The Peninsular War
1808: The Start of the War -
At the start of 1808, Napoleon was at the height of his power. He controlled a vast area of Europe which included a hugely expanded France, Northern Italy, and the Netherlands, whilst his armies had forced the Austrians, Russians and Prussians to seek peace. Britain had few allies that were still willing to defy the Emperor, whilst Napoleon’s Continental Blockade was beginning to starve her of trade.
Napoleon therefore had many reasons to be confident that the British would eventually sue for peace. It is generally agreed that all he needed to do is sit back and wait. However waiting was never in Napoleon’s nature. He was a restless man, and now looked for opportunities to accelerate the collapse of the British war effort.
To do this, Napoleon invaded Britain’s oldest ally, Portugal, and in the process began the Peninsular War. There was no indication that this would become a protracted six year conflict. In fact, Portugal, with its small 20,000 man army was conquered swiftly. The reason that this war backfired so spectacularly for Napoleon was his own ambition. Not content with having subjugated yet another nation to his control, he then turned on his own ally, Spain. As the Spanish army was weak, Napoleon did not envisage any problems in conquering her, but in May 1808 parts of the country rose in revolt against the prospect of French rule.
The Iberian Peninsula
Britain, which had been able to do little to stop the French occupation of Portugal, responded enthusiastically to Spanish pleas for help. Caricatures from the time demonstrated the excitement which gripped the nation at the news of the Spanish revolt, as artists praised British efforts to support the Spanish in their fight for liberty from the domineering French.
In July a force under a relatively unknown commander, Sir Arthur Wellesley, was sent to the Iberian Peninsula to help in the struggle. Wellesley’s campaign was brief but incredibly effective. British troops landed at Mondego Bay, north of Lisbon, in early August. By the end of the month, Portugal had been liberated, with the British defeating the French twice in the process – firstly in a large skirmish at Roliça (17th August), and then at the Battle of Vimeiro (21st August). However, in the moment of victory at Vimeiro, Wellesley was superseded by a general bringing reinforcements from Britain (Sir Hew Dalrymple). Dalrymple not only failed to follow up on Wellesley’s success by not pursuing the French, but then negotiated a lenient ceasefire with the French commander, in return for their surrender, known as the Convention of Cintra.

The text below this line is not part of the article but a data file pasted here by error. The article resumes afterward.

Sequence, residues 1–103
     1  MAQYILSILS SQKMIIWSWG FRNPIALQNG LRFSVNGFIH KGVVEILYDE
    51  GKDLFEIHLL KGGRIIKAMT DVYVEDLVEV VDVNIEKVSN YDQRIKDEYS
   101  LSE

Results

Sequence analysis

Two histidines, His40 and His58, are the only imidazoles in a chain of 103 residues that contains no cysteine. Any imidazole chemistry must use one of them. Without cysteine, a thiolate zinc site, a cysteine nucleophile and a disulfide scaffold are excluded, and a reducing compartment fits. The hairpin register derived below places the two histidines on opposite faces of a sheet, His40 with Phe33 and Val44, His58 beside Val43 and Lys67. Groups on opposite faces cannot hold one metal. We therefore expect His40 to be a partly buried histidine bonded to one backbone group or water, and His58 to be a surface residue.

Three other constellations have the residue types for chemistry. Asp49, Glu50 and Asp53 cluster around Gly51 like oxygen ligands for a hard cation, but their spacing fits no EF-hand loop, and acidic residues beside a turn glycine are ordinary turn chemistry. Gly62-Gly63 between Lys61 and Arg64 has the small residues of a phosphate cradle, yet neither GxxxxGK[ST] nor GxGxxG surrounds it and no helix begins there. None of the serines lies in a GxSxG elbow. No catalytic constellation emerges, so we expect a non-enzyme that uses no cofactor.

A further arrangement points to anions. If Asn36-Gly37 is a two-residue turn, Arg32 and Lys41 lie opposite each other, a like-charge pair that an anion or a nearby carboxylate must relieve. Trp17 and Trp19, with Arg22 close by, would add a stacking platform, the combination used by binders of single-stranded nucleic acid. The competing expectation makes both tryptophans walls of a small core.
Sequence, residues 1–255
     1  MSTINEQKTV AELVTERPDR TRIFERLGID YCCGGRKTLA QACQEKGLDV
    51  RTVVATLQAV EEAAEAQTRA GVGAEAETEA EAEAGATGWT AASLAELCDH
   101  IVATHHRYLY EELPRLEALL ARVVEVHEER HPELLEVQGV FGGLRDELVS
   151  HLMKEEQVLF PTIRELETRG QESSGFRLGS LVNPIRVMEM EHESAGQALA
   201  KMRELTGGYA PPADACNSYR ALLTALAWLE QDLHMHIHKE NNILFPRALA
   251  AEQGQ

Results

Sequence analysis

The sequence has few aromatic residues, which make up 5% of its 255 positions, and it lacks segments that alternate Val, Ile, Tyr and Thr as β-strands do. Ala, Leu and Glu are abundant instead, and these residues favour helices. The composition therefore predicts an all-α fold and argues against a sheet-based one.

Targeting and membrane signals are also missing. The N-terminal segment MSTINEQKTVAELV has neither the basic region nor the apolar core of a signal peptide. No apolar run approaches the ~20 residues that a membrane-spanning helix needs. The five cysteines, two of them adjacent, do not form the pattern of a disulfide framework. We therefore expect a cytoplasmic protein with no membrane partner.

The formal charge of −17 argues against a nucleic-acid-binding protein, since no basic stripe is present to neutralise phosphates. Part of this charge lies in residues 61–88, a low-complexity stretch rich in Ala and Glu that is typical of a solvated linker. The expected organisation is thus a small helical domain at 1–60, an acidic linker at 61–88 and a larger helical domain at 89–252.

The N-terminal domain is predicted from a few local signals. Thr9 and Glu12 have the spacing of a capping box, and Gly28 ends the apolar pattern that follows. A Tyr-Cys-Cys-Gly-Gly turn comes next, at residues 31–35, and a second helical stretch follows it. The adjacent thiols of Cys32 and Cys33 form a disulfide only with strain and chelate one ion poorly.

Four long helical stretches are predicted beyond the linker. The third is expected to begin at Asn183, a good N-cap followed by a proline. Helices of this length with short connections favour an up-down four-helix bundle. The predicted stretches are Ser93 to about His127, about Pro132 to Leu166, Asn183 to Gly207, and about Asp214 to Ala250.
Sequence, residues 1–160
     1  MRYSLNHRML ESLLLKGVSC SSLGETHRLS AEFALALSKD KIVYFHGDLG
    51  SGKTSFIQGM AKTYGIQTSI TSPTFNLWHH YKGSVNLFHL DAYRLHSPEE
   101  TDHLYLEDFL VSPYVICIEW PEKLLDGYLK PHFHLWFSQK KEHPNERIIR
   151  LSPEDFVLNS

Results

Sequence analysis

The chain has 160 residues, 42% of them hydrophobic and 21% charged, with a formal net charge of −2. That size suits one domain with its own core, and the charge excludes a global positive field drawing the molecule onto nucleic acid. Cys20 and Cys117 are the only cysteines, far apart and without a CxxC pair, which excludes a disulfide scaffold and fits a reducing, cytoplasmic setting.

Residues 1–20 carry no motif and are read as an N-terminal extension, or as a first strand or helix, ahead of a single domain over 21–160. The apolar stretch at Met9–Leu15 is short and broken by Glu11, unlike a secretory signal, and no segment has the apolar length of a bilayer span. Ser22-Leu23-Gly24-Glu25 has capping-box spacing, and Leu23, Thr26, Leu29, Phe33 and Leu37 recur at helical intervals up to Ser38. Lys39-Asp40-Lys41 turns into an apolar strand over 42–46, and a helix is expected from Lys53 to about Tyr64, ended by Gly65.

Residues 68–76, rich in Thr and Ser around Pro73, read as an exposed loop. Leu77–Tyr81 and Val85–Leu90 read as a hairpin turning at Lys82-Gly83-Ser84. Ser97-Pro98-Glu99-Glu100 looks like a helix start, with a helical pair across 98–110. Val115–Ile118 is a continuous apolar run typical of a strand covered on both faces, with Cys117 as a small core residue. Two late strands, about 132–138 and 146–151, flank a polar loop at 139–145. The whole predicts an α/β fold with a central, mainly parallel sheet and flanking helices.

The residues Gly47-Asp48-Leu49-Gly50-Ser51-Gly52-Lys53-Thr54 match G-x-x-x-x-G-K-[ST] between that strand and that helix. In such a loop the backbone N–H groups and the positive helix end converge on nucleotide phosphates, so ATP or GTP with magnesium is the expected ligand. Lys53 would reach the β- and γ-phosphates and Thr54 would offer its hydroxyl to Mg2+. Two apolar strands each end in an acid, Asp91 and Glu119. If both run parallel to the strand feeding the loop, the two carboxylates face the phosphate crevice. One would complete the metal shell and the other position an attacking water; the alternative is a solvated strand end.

After the British public’s high hopes, which had been raised even higher by Wellesley’s success, the Convention of Cintra was seen as a huge disappointed. Under the terms of the agreement, the remnants of the French army, which had been pinned down in Lisbon, were transported home in British ships, with their weapons and personal items. This meant that the French were able to take much of their loot home with them, and, of course, could fight in future campaigns. The British government called an enquiry into the Convention, and sent out more reinforcements with another commander, General Sir John Moore, to lead the British troops in Portugal
In the meantime, a surprise Spanish victory over the French at the Battle of Bailen, in July, forced an entire French army to surrender, and uprisings across the country had forced the French to withdraw to the north of the country. Hopes in Britain soared as the public became convinced that British and Spanish forces would sweep the French aside and march on Paris. Meanwhile, in November, Napoleon travelled in person to Spain to take command of French forces in the country.
The Dos de Mayo Uprising
by Joacquin Sorolla
A devastating campaign followed, in which an experienced army, led by an inspirational military genius systematically routed the Spanish forces. By November Napoleon had reoccupied Madrid. The British, under Moore, were not caught up in this catastrophe, as their advance into Spain to support their allies had been delayed. Moore sought to strike at the French lines of communication in Northern Spain, but soon found himself facing a much larger French force which Napoleon sent to chase him out of the country. The British were forced to evacuate via town of Corunna, snatching glory from defeat by fighting off the French at the Battle of Corunna on 16th January 1809. Although the French were defeated, this only bought the British time to embark. In the moment of victory, Moore was killed during the battle by a cannon ball.
The campaign of 1808 had seemed so full of promise just a few months before. As 1809 began, it appeared that much of that hope had vanished. The next few months would be crucial in deciding whether the Peninsular War would fade into insignificance – the person who determined that, was Sir Arthur Wellesley.
This section has been split into a series of different pages so that you can explore the campaign of 1808 in greater depth. Click the links to find out more.
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